Antarctic Ice Sheet response to climate forcing

Dr Alessandro Silvano, Prof Alberto Naveira-Garabato, Anna Hogg, Leeds University,; Pierre Dutrieux, British Antarctic Survey,; Laura Herraiz-Borreguero, Commonwealth Scientific and Industrial Research Organisation (CSIRO),

PLEASE NOTE:  Application deadline date 08 Jan 2024.  Applications are no longer being accepted for this project


Project Overview 

The aim of this project is to assess the role of climate variability in driving Antarctic Ice Sheet changes and its contribution to sea level rise by combing new observations of ice, ocean and atmosphere. 

Project Description 

The Antarctic Ice Sheet has been losing mass at an accelerating rate since at least the 1970s [1], contributing to global sea-level rise. This mass loss is associated with rapid basal melting at their floating terminus (ice shelves) by warm ocean waters.

Superimposed on this multidecadal trend are interannual fluctuations in melting across Antarctic ice shelves [1,2]. Such fluctuations can result in periods of enhanced glacial loss alternated with periods of stability. However, at continental scale, it remains uncertain how climate variability influences the behavior of Antarctic ice shelves. This project will fill this important knowledge gap.

The candidate will combine pan-Antarctic estimates of ice sheet, ocean and atmospheric changes since the 1990s based on in situ and satellite products. The project will combine these different datasets using a statistical approach (e.g. coherence, Maximum Covariance and Principal Component Analysis as well as machine learning) to detect coherent changes in the atmospheric-ocean-ice system. Physical interpretation will be essential to extract the mechanisms responsible for causing temporal changes in the ice shelves and outlet glaciers. Moreover, the candidate may use available circumpolar Southern Ocean models to gain further insight into the physical processes causing ocean variability near Antarctic glaciers.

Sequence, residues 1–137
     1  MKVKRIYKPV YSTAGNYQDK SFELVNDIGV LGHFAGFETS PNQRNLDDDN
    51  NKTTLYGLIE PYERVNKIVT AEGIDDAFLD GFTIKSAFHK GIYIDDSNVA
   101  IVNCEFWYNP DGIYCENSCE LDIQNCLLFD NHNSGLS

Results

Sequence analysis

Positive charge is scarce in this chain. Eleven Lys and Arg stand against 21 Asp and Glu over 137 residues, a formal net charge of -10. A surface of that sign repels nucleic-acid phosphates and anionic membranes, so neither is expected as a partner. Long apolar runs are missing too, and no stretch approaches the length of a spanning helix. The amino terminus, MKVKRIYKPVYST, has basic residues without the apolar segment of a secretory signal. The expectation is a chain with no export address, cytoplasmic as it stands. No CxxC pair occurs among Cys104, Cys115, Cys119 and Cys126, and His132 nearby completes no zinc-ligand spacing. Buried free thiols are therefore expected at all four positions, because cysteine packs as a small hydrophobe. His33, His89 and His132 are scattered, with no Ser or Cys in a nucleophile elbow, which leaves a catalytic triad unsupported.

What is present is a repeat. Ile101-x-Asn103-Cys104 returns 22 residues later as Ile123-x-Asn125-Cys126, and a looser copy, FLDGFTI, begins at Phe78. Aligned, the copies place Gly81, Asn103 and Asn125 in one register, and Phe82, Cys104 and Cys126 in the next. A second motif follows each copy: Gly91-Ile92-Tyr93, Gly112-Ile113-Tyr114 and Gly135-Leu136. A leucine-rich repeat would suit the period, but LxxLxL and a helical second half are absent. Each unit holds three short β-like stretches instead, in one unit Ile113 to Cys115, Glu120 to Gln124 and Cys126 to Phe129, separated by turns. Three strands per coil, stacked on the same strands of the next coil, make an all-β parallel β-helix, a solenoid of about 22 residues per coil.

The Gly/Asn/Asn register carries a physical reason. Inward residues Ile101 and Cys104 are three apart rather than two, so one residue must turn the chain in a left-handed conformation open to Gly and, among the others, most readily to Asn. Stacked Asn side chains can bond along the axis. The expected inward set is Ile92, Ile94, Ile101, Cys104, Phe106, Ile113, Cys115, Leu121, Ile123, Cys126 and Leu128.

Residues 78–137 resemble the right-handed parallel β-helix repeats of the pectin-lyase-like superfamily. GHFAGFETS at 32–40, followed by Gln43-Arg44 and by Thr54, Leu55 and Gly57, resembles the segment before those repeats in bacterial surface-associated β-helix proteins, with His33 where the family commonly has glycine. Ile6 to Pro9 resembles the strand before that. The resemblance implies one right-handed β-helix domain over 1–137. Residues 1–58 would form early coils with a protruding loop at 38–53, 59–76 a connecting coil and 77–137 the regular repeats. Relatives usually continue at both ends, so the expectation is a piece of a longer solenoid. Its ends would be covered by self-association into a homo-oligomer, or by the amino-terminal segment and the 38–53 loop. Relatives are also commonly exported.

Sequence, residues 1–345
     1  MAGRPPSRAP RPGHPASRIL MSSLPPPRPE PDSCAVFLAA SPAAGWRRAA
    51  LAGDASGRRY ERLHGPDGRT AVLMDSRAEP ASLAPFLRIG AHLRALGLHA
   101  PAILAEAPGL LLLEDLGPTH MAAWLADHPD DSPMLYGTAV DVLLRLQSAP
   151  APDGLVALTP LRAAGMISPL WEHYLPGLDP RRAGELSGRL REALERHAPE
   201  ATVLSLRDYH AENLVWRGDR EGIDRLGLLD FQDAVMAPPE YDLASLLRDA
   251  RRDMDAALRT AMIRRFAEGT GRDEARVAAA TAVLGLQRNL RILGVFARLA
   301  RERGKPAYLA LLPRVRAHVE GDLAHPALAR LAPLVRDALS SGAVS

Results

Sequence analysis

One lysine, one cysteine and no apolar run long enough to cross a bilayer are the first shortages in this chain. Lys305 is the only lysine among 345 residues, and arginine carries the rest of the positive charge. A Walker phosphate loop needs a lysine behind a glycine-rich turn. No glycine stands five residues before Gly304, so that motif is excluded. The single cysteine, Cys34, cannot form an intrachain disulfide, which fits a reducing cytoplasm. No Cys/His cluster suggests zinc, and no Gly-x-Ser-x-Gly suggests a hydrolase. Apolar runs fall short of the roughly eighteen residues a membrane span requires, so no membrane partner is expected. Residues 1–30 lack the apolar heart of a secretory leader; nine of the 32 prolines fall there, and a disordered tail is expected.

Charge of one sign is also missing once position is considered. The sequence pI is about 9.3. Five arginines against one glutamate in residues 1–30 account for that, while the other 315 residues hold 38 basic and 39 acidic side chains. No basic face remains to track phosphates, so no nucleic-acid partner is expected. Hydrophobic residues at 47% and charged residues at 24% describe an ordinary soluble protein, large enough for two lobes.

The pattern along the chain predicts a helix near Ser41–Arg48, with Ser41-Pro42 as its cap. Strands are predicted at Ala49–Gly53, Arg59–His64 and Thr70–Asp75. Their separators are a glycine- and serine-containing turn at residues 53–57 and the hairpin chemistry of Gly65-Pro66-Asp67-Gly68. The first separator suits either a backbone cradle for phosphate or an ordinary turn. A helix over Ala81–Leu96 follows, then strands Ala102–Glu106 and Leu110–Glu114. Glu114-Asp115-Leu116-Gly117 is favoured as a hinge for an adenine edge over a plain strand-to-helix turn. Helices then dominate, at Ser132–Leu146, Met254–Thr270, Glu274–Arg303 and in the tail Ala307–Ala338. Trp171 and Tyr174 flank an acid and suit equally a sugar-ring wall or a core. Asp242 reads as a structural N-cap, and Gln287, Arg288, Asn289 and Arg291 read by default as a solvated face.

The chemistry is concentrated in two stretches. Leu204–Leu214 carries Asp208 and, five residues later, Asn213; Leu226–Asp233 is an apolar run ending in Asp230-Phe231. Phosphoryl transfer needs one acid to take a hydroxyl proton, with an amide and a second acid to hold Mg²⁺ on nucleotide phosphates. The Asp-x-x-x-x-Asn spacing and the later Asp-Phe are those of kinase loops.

The outcome of this project will provide new evidence of the role of climate variability in driving Antarctica’s contribution to sea-level rise. This project will be relevant to international research programmes such as SCAR’s (Scientific Committee on Antarctic Research) INSTANT (

University of Southampton/National Oceanography Centre

The INSPIRE DTP programme provides comprehensive personal and professional development training alongside extensive opportunities for students to expand their multi-disciplinary outlook through interactions with a wide network of academic, research and industrial/policy partners. The student will be registered at the University of Southampton and based at the National Oceanography Centre Southampton. Specific training will include:

  • Processing and analysis of multi-disciplinary observational datasets.
  • Understanding of a range of ice, ocean and atmospheric processes.
  • Learn machine learning approaches
  • Opportunities to attend national/international conferences to disseminate the candidate’s results and to broaden their scientific network.
  • Opportunities to take part in fieldwork, including a cruise in the Southern Ocean.

Opportunities to visit co-supervisors at the University of Leeds (UK), BAS (UK) and CSIRO (Australia).

Eligibility & Funding Details: 
Background Reading: 

[1] Rignot, E., Mouginot, J., Scheuchl, B., Van Den Broeke, M., Van Wessem, M. J., & Morlighem, M. (2019). Four decades of Antarctic Ice Sheet mass balance from 1979–2017. Proceedings of the National Academy of Sciences, 116(4), 1095–1103. pnas.1812883116

[2] Adusumilli, S., Fricker, H. A., Medley, B., Padman, L., & Siegfried, M. R. (2020). Interannual variations in meltwater input to the Southern Ocean from Antarctic ice shelves. Nature Geoscience, 13, 616–620. doi: 10.1038/s41561-020-0616-z